Intel has launched a family of quad-core processors, hoping to take back its crumbling share of the server market and win users in the trendy gaming PC segment.
The Xeon 5300 and Core 2 Extreme QX6700 chips will deliver speedy performance for the science, entertainment and business sectors, Intel president Paul Otellini said today in a statement. The Xeon 5300 runs 50 percent faster while drawing the same amount of watts as Intel's own 'Woodcrest' Xeon 5100 chip, and the QX6700 is 80 percent faster than its predecessor, the X6800, Intel said.
Server vendors including Dell, HP and IBM have already announced systems using the chips, and others including Fujitsu, Rackable and SGI will join them soon. Gaming desktop vendors that plan to use the QX6700 include Alienware, Dell, Falcon Northwest, Gateway, Hypersonic PC Systems, Velocity Micro and Voodoo Computers.
There is nothing new about the concept of multicore chips – vendors including IBM Corp. and Sun Microsystems Inc. have long used that design in their chips for high-end servers and mainframes, and Azul Systems plans to release a 48-core processor in 2007. But computers that incorporate those chips run highly specialised software, making Intel the first major vendor to bring the multicore concept to smaller computers intended to run widely used commercial software.
When running multithreaded software, quad-core processors act like four chips in a single computer, solving complicated tasks fast by breaking them into smaller pieces. Compared to single or dual-core chips, they can make a big impact in servers and workstations, although average desktop and notebook PC users won't see a big difference unless they're running high-end video games or editing photos.
The chips support legacy software too, though users wouldn't see much improvement over dual-core chips. The video-editing software Premiere Pro from Adobe is one of the few desktop applications now using multithreaded software, with photo and audio editing platforms due out soon.
Likewise, most video games have not yet adopted multithreaded software design, so early customers will have just a few choices, such as the game Alan Wake from Remedy Entertainment. Video game vendors now planning multithreaded versions include Gas Powered Games, Epic Games, Valve and Ubisoft Entertainment, said Steve Smith, vice-president and director of operations for Intel's digital enterprise group.
Gateway will use Intel's QX6700 chips in its FX530 line of high-end desktops. "This will benefit gamers and digital creation enthusiasts most, thanks to the intense nature of these applications," said Gateway spokeswoman Kelly Odle.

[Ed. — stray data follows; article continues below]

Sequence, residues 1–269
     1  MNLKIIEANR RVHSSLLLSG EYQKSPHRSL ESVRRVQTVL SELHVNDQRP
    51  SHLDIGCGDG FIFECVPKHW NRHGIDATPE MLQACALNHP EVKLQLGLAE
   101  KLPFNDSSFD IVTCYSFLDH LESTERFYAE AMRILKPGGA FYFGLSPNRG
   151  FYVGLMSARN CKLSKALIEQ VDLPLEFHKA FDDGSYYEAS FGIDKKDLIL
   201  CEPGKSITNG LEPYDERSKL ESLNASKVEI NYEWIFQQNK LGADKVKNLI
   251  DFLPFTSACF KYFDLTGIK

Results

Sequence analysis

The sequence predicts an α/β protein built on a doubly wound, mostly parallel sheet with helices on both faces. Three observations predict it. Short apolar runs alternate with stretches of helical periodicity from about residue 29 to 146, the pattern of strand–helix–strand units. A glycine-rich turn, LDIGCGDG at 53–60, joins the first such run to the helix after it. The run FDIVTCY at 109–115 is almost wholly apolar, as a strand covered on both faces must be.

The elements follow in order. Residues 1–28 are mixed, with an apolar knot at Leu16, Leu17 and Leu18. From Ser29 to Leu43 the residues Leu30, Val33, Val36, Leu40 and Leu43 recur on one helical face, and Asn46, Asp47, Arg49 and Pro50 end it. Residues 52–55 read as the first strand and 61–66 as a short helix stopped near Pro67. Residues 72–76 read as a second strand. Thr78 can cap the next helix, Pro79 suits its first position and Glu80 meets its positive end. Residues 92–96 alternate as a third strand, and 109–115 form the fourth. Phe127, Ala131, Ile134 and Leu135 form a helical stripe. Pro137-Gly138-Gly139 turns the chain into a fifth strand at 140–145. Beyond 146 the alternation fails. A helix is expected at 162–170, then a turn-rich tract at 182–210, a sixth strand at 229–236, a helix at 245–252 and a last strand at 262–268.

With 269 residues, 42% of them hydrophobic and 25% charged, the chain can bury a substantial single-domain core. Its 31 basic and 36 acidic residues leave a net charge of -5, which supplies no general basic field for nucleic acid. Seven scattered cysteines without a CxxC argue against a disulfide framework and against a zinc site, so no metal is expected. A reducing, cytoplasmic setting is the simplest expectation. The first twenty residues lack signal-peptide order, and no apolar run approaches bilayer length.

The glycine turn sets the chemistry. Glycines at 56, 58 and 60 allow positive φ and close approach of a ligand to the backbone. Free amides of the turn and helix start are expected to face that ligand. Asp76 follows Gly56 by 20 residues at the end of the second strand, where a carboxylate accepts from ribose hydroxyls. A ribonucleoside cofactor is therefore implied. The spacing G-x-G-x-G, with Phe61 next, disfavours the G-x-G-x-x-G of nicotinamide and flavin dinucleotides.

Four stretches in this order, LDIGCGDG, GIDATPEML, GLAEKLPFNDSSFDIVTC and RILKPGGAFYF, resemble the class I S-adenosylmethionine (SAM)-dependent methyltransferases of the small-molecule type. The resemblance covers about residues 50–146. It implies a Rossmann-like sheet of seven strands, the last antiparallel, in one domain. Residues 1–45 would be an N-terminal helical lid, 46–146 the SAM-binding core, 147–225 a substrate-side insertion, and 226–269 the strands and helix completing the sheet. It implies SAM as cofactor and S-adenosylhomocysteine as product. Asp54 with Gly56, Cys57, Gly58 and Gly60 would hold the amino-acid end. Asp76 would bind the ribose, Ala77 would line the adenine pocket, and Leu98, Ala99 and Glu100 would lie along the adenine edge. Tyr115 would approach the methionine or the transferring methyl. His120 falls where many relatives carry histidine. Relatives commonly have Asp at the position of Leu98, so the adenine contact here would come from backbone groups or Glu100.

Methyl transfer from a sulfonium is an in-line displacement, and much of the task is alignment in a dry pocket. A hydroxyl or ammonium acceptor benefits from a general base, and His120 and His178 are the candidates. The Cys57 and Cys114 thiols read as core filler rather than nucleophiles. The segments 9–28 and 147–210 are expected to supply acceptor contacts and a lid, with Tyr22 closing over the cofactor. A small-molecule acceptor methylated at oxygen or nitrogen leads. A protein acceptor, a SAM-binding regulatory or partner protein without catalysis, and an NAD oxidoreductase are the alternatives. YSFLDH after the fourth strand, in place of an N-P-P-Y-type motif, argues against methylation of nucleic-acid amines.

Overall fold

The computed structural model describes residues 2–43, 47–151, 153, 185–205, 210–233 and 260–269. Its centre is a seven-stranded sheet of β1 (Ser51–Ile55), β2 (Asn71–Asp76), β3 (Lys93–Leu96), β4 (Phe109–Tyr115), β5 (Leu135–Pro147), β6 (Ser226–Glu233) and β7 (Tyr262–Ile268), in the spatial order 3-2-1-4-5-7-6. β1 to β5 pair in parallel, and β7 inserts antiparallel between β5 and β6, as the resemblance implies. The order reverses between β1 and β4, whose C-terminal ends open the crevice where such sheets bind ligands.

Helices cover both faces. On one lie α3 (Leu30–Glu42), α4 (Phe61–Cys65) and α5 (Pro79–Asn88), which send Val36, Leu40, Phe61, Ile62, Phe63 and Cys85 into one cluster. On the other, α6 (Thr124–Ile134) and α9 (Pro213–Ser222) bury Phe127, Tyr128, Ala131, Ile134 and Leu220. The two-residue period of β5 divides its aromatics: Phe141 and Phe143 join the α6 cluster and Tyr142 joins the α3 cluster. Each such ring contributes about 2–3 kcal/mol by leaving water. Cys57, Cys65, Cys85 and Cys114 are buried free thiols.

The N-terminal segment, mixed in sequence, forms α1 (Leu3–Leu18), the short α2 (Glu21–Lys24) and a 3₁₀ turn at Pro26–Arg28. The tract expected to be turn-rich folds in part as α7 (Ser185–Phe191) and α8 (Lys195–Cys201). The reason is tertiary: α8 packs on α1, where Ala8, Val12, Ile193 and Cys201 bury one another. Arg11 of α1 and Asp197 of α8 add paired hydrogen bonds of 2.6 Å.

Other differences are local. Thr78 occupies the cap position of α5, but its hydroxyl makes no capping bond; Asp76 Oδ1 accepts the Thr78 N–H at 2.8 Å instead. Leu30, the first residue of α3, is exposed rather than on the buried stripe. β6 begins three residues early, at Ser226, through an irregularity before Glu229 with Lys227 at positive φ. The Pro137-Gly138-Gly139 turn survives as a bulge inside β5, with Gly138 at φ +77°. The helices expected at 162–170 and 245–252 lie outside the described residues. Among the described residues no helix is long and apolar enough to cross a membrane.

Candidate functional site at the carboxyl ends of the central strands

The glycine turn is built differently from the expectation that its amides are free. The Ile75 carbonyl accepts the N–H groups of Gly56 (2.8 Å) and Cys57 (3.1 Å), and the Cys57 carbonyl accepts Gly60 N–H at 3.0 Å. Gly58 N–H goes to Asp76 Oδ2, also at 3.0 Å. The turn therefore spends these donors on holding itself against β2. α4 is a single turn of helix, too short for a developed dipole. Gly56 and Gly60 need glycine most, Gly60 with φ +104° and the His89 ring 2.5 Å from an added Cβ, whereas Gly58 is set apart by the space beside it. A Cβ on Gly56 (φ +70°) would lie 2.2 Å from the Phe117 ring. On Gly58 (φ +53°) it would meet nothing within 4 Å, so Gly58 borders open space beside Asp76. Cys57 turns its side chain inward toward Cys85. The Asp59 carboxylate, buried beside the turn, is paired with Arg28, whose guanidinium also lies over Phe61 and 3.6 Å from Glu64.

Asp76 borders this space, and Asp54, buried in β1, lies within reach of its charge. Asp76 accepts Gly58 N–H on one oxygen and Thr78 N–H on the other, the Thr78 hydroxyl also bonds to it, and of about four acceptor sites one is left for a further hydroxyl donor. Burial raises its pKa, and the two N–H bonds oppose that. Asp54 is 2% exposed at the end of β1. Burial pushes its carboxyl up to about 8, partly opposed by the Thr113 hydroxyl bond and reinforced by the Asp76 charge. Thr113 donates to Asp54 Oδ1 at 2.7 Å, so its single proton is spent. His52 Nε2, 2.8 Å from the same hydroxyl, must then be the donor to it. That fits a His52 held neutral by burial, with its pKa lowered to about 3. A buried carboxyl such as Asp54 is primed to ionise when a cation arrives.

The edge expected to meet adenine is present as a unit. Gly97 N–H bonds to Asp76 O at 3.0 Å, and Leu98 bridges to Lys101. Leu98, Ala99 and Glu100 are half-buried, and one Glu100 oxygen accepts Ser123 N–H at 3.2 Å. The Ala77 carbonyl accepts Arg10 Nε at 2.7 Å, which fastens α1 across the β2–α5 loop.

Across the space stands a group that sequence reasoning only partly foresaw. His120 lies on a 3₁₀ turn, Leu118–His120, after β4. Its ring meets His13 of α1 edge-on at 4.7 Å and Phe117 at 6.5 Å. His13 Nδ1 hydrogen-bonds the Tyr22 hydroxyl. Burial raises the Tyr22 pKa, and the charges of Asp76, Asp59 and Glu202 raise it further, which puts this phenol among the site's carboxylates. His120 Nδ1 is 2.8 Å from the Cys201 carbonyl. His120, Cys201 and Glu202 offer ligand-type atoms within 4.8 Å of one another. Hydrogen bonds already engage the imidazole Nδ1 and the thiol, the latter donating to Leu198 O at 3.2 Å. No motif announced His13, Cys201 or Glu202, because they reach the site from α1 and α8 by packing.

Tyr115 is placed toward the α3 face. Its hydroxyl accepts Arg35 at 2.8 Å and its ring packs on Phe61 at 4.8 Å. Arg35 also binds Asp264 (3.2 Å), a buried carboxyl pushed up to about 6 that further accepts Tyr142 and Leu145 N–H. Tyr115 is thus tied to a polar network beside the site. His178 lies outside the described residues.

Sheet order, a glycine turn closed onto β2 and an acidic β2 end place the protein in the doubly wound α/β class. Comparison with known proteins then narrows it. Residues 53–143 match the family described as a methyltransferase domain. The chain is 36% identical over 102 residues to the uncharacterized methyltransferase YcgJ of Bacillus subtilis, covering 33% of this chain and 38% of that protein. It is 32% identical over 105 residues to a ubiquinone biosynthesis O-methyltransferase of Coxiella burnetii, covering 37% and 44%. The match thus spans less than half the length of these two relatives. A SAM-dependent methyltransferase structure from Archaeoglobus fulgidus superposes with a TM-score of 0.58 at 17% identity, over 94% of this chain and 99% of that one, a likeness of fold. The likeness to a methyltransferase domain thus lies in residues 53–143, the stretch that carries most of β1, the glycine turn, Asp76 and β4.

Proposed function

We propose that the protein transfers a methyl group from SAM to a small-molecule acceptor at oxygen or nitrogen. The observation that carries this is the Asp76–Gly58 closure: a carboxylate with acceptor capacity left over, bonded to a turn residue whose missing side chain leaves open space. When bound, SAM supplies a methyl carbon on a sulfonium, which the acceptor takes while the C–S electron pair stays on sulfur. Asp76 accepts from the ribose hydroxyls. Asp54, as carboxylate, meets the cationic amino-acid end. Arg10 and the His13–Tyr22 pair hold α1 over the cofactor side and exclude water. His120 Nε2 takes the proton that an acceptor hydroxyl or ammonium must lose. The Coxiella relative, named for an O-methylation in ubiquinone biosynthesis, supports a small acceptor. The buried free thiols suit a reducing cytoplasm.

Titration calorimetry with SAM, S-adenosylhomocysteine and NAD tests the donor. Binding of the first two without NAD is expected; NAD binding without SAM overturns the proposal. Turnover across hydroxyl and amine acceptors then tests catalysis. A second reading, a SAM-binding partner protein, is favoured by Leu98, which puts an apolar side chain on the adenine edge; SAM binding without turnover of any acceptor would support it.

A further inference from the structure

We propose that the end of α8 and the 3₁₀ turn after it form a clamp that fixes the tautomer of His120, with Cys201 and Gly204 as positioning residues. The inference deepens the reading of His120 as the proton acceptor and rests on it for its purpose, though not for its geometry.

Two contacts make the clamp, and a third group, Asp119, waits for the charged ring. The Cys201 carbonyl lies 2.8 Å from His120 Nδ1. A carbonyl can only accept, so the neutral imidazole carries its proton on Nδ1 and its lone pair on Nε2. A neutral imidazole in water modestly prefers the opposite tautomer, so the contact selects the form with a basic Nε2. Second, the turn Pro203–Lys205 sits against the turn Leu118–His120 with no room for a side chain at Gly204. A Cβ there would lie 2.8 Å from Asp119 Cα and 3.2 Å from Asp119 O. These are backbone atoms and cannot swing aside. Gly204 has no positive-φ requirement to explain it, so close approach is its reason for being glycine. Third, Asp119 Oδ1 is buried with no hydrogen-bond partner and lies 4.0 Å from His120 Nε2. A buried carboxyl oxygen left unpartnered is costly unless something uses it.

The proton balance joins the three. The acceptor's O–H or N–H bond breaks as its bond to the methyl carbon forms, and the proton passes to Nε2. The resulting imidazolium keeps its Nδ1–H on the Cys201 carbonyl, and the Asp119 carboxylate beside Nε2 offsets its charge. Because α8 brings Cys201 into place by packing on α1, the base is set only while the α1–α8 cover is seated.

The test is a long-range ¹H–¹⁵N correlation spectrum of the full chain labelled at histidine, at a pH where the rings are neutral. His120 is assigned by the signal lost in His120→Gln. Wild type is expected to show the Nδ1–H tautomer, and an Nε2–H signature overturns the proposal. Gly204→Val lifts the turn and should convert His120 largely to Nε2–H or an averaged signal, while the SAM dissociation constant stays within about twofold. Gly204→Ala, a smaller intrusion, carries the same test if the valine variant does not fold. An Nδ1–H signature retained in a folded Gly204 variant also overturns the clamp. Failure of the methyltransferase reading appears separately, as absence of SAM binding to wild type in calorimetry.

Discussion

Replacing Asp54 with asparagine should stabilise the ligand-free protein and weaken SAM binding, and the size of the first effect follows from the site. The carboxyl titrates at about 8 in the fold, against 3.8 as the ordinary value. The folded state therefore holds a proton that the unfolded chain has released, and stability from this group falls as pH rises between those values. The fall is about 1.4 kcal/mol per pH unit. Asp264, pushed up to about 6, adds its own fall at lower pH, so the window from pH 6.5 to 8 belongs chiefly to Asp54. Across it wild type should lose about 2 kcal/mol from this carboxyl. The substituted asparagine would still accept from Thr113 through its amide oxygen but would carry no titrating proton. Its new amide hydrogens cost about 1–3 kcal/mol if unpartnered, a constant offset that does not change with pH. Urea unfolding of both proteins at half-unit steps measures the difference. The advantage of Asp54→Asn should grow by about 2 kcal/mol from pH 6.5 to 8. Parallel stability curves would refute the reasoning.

Intel executives are counting on the new chips to help rescue the company from disappointing business results. The company has missed its earnings targets in recent quarters, and is still wrapping up a corporate reorganization that led to 10,500 layoffs and the sale of several business units.
AMD, meanwhile, plans to release its own 'Barcelona' quad-core Opteron server chip in mid-2007, aiming for buyers with high-memory systems and database environments running applications that can be multithreaded, said Vladimir Rozanovich, director of North America commercial business for AMD.
Before those users can take full advantage of quad-core technology, however, they must pair the new chips with an OS (operating system) capable of scheduling threads to different cores, Rozanovich said. Novell, Red Hat, Sun Microsystems and Microsoft are developing versions of their OSes that use the new approach.
Intel has launched four versions of the quad-core Xeon 5300 chip. The 1.60GHz, 80-watt E5310 sells for US$455; the 1.86GHz, 80- watt E5320 sells for $690; the 2.33GHz, 80-watt E5345 sells for $851, and the 2.66GHz, 120-watt X5355 sells for $1,172. Intel is charging $999 for its quad-core gaming chip, the Core 2 Extreme QX6700, running at 2.66MHz and drawing 130 watts. All prices are per chip in lots of 1,000 units.
Intel plans to launch two more quad-core Xeon chip designs in the first quarter of 2007, including one that draws just 50 watts for applications in ultra-dense data centers. The company will also launch a chip for mainstream desktops that quarter, calling it the Core 2 Quad.